Sherer appeals murder conviction in wife's death

Nobody is disputing that Steven Sherer was possessive and controlling. He told his wife, Jami, that he would kill her if she ever was unfaithful.

But whether the threat was enough to convict him of murder when she mysteriously disappeared in 1990 is once again a question before the courts.

Sherer, who is serving a 60-year sentence in the Washington State Penitentiary near Walla Walla, has asked the state Court of Appeals in Seattle to overturn his June 2000 conviction for murdering his wife. It's one of the few cases ever in the state in which a defendant was convicted of murder even though a body was never found.

Jami Sherer disappeared Sept. 30, 1990, when she was 26, leaving behind a 2-year-old son and a job at Microsoft. Family members and friends have said they have not heard from her since.

Yesterday, Steven Sherer's attorney, Lenell Nussbaum, told three appellate judges that the state had presented insufficient evidence to convict him of premeditated murder and had failed to follow up on a second suspect.

The appeals court is expected to issue a written decision within several months.

"There are many families in which domestic violence occurs but there is no murder," Nussbaum said.

Steven Sherer's prior violence toward his wife merely "filled in the gaps" when the state had no evidence, she said.

For murder cases in which a body has not been recovered, Nussbaum said a specific criminal act must be tied to the death. She said there is no such evidence in Sherer's case.

"In our society, people do vanish for years, without motivation, with no good explanation. It does happen," Nussbaum said. "When the years went by, her family wanted an explanation and somebody to blame."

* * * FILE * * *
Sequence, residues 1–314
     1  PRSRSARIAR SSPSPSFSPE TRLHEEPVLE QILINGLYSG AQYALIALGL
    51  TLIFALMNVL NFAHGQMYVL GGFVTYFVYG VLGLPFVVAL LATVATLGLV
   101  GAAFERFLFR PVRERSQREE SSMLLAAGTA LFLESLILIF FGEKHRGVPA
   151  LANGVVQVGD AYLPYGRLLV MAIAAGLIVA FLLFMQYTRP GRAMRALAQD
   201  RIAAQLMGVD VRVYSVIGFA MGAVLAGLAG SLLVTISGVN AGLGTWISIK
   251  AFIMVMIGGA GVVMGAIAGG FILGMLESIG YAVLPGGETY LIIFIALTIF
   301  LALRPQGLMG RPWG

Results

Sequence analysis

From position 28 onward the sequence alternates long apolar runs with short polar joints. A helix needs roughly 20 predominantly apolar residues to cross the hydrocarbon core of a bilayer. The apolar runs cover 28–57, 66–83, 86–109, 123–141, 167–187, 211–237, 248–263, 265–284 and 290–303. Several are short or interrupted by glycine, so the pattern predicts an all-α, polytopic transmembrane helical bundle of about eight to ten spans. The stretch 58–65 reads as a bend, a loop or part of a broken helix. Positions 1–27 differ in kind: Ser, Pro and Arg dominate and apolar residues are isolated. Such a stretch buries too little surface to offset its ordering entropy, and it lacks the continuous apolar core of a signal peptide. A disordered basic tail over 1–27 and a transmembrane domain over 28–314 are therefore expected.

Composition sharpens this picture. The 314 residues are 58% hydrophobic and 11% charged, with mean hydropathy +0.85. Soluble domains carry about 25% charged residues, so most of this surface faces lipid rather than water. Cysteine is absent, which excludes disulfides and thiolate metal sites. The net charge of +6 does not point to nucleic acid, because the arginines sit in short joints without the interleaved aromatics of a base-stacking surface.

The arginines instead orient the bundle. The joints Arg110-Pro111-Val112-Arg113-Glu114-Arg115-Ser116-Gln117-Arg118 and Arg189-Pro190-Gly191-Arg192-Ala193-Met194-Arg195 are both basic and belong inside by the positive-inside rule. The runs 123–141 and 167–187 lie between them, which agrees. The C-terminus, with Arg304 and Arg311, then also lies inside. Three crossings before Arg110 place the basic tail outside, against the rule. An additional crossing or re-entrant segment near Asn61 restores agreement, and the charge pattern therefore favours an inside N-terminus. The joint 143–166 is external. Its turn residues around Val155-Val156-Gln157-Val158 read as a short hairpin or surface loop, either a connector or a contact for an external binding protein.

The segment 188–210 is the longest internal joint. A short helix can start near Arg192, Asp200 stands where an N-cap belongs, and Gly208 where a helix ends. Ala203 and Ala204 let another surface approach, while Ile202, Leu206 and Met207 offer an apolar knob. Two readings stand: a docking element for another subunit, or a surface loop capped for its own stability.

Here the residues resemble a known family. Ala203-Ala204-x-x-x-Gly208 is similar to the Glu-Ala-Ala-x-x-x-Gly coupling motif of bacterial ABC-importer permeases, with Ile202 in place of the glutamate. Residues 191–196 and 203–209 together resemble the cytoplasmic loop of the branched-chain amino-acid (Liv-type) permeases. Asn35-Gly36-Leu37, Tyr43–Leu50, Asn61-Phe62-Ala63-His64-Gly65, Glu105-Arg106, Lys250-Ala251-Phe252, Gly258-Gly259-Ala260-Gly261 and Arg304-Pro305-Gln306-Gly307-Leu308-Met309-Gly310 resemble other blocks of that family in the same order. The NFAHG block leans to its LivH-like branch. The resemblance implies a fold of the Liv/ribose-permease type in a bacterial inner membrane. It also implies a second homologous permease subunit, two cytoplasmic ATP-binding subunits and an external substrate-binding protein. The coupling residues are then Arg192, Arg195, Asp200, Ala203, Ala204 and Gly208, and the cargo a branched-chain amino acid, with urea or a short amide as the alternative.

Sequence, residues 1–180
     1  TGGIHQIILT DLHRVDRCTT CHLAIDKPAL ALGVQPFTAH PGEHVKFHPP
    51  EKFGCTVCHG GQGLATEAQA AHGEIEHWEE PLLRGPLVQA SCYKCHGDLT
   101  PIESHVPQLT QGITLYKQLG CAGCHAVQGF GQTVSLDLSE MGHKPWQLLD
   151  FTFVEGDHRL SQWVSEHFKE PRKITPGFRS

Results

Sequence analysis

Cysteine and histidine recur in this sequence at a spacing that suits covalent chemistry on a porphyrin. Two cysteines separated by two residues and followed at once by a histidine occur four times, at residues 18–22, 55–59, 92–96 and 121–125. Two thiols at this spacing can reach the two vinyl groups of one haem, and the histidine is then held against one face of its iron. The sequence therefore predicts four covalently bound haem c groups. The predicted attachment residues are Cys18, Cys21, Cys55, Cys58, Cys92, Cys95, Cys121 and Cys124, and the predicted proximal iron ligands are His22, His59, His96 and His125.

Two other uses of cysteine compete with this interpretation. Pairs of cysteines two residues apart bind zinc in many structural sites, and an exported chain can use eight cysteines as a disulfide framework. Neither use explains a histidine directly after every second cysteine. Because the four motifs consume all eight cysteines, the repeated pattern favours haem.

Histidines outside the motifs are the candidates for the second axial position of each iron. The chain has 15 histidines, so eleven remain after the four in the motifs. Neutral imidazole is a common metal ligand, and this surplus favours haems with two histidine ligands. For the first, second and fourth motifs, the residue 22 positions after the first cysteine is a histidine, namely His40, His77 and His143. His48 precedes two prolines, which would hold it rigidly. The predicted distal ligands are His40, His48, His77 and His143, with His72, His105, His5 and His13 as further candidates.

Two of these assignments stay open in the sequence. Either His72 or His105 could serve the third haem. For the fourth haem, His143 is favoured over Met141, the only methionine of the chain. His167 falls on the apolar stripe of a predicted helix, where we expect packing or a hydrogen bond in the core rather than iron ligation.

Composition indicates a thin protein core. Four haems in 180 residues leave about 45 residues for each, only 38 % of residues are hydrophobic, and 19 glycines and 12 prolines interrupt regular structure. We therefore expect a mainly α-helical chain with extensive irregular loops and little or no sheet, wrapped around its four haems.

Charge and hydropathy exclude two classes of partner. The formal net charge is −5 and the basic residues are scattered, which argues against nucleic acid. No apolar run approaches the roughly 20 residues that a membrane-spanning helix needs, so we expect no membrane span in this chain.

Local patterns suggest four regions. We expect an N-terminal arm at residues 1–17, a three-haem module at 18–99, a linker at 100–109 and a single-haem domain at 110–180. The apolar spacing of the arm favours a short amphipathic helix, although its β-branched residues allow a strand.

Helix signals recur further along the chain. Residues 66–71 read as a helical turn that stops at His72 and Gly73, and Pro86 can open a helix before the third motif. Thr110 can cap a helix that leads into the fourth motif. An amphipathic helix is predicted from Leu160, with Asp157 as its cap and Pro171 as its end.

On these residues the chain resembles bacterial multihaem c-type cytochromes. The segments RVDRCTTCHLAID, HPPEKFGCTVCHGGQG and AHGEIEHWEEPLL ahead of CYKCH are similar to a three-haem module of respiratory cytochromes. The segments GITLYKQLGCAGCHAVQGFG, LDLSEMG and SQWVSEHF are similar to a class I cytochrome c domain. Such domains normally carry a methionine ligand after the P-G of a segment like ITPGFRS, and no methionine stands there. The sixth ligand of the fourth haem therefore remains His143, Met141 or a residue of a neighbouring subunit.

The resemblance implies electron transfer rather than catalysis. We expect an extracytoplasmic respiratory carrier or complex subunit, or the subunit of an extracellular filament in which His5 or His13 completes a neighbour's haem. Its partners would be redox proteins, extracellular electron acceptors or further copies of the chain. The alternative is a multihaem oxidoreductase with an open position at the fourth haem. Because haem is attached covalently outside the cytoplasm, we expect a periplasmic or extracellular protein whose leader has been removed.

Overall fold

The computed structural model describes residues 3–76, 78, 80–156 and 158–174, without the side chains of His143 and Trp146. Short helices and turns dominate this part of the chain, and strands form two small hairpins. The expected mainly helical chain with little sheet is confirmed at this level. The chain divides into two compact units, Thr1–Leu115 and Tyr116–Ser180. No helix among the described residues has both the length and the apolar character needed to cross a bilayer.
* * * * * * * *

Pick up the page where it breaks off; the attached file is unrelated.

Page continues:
Nussbaum argued that there was little evidence presented during Sherer's trial about how or where the killing occurred.

Marilyn Brenneman, a King County deputy prosecutor, said the state's responsibility was to prove that Steven Sherer had intended to kill his wife and did kill his wife, not to prove how.

"Jami disappeared from the face of the Earth just after she told Steven she was leaving him," Brenneman said. "The defendant had motive; he had a history."

The night before she disappeared, Jami Sherer told her husband that she was having an affair. She had arranged to move in with her parents and had called her mother the next afternoon to say she'd be right over.

Other circumstantial evidence presented in the trial included a bloodhound dog which indicated that Steven Sherer was the last person to drive his wife's car before it was found abandoned in Shoreline; and a dirty shovel inside Steven Sherer's truck, which was splattered with mud the day after Jami Sherer disappeared. Prosecutors have speculated that Jami Sherer was buried in woods.

The jury said the amount of evidence against Sherer, now 40, was overwhelming.

Police suspected Steven Sherer immediately after the disappearance. But with no body and no blood, they couldn't even prove there was a murder case to solve. Three Redmond police detectives reopened the case five years ago. Based on their work, prosecutors filed charges in January 2000.

The second suspect was the man with whom Jami Sherer was having an affair. Prosecutors said he had a good alibi. Nussbaum pointed out that he was an alleged drug dealer who had been convicted of domestic violence against his own wife.

The Sherers' son is now 14. He lives with Judy Hagel, Jami's mother, who was in court yesterday listening to the same arguments she remembers hearing before. She later said she still feels the case is unresolved and is so distraught, she often finds herself waiting for Jami to turn up alive.

"The biggest thing is Jami's son: There's no grave for him to go to, no place to visit," Hagel said. "There's no remembering his mother."

Michael Ko can be reached at 206- 515-5653 or